Tis the season for weddings and last week Michael and I attended one for our nephew who’s starting a beautiful new phase of his life.
I smiled as I watched their ceremony, recalling the sweet memory of our own wedding day and the vows we wrote for each other.
Hearts filled with good intentions…
The birth of a new family…
Promises to love, honor, and cherish no matter what…
Ahhhh, the innocence of early love!
But then life happens.
And you quickly discover that this magical mystery ride called “relationship” is filled with experiences you never in a million years could have planned for.
The vows break.
The music stops.
The honeymoon ends.
And that’s when the real commitment starts, ushering in the process of falling in love.
But only if you’re willing to do the work.
When the truth of what it means to build a life together unfolds, you soon realize that the best of intentions pales in comparison to what’s required for a partnership to flourish.
Nothing has forced me to grow more than my marriage to Michael. And nothing has brought me more meaning, joy and fulfillment.
This year Michael and I will celebrate our 20th wedding anniversary and if we were getting married today given the history, experience, and maturity we’ve gained from so many years of being married, my vows might sound something like this:
First and foremost, I’d vow to do my best to remember that marriage is a spiritual partnership designed to teach us about love – how to love each other and ourselves – so we can share this love with the world.
I’d promise to keep this higher vision of partnership in mind, especially when things get hard.
Because they will.
During tough times, I’d vow to come to the table, heart in hand, ego checked at the door, ready to listen and learn, knowing that the greater good of our marriage is far more important than getting my way.
I’d promise to create a habit of remembering five things I love about Michael before entering into scary and hard conversations that are sure to push buttons.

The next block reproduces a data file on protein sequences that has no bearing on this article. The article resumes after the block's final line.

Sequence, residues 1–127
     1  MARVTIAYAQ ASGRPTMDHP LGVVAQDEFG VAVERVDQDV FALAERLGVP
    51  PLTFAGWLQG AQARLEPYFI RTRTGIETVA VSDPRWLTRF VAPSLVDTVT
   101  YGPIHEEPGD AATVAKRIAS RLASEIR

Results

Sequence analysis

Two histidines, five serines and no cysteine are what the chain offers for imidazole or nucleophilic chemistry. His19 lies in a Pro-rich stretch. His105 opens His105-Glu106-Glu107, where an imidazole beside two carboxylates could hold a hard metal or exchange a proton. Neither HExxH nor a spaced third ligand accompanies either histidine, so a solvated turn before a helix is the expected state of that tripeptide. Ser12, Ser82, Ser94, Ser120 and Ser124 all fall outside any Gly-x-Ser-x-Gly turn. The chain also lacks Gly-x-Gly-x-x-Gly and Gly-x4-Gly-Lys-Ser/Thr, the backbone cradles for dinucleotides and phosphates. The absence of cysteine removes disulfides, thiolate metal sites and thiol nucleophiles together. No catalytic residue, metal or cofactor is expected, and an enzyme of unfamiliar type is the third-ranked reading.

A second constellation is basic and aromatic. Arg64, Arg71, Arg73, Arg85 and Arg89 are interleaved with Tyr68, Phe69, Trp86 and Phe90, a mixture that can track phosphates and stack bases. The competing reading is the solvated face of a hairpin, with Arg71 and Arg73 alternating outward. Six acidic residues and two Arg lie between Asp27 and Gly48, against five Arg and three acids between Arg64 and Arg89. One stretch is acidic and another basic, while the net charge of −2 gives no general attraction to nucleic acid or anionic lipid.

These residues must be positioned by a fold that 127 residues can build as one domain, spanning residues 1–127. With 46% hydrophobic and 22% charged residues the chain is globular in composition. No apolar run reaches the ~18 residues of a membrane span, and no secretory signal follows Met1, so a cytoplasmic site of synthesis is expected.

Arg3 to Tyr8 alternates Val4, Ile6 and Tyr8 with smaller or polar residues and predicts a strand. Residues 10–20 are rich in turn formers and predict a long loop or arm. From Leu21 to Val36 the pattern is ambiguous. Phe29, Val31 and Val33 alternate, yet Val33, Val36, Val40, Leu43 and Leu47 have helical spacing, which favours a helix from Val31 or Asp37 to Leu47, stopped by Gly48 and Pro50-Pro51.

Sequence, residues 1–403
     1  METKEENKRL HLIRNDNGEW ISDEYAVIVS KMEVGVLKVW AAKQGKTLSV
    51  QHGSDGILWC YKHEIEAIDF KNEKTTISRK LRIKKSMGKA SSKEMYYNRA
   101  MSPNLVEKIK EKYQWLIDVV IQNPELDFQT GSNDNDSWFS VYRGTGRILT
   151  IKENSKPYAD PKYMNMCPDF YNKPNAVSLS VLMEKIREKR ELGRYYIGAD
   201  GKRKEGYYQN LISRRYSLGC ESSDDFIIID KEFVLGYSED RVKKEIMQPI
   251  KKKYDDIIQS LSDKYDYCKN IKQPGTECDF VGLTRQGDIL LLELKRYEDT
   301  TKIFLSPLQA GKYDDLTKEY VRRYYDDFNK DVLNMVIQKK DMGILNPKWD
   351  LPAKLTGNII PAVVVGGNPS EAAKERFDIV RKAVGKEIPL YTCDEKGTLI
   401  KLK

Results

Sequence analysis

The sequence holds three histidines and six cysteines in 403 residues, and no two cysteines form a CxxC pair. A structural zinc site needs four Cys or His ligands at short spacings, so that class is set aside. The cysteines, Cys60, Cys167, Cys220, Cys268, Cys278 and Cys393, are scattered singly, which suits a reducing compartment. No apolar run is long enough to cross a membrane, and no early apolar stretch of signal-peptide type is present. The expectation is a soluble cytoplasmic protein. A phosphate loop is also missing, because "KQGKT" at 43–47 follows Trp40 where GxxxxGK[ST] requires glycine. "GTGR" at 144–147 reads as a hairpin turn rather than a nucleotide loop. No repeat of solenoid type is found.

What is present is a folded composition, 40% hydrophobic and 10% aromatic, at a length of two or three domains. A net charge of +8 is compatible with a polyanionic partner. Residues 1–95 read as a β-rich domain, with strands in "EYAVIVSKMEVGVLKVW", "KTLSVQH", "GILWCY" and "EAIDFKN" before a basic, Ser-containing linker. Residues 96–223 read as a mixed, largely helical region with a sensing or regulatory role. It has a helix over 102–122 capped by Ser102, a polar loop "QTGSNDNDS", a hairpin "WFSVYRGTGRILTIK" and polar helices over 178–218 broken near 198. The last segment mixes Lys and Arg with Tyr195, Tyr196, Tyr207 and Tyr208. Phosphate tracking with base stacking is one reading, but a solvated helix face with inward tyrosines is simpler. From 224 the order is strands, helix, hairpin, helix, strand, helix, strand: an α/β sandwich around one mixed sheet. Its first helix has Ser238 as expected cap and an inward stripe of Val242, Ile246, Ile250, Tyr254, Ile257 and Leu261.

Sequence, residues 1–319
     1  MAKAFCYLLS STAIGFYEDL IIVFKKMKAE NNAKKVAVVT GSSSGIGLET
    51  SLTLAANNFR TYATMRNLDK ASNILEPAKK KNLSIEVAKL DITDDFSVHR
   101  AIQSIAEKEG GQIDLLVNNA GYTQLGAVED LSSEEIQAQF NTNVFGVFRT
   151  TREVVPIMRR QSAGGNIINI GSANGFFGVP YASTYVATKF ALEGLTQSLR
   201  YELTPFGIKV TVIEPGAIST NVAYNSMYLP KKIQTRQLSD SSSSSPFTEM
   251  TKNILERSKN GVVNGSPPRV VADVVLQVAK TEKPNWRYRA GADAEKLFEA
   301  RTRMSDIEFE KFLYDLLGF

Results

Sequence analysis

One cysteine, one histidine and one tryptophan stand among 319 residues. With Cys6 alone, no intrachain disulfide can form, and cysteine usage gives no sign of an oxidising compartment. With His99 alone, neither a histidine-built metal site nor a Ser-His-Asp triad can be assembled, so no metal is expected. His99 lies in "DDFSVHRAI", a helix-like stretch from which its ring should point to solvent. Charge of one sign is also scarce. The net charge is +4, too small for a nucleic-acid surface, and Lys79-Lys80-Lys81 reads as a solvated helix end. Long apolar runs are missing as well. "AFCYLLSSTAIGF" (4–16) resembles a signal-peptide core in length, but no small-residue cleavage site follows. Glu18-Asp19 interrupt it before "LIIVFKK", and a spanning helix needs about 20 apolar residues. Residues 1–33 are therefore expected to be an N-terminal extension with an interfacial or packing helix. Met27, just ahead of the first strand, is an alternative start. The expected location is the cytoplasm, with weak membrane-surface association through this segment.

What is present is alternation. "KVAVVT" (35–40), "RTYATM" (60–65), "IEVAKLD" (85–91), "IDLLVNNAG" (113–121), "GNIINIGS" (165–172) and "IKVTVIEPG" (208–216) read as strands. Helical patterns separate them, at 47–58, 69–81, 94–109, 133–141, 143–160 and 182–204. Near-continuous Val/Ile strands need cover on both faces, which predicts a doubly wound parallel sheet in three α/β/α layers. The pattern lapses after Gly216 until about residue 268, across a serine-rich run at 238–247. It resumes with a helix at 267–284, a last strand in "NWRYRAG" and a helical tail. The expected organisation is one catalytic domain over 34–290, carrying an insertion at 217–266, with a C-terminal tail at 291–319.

I’d commit to always look for the role I play in any mess we happen to find ourselves in, and be willing to do what it takes to heal myself so I can change my behavior and become a more loving and respectful partner.
This healing work is rarely done alone, so I’d also commit to getting whatever help we need.
I’d vow to look for things, big and small, to appreciate about Michael every day – and to share this information with him because I’ve learned that people grow with love and appreciation, not criticism and nastiness.
I’d commit to learning how to be big enough to admit when I’m wrong and to apologize even when I think I’m right.
If the idea of apologizing even when you think you’re right seems crazy, please go back to the first vow .
I’d pledge to cultivate the necessary patience needed to travel the winding path of partnership so we’re not tempted to put Band-Aids on wounds that need surgery.
Finally, I’d vow to revisit these promises every year on our anniversary, in order to update them.
Because they’ll need it.
After all, the evolution of any relationship requires regular upgrades to Love’s operating system .
Video of the Week
Remember the couples talking about marriage after the movie, When Harry Met Sally? Watch it, here.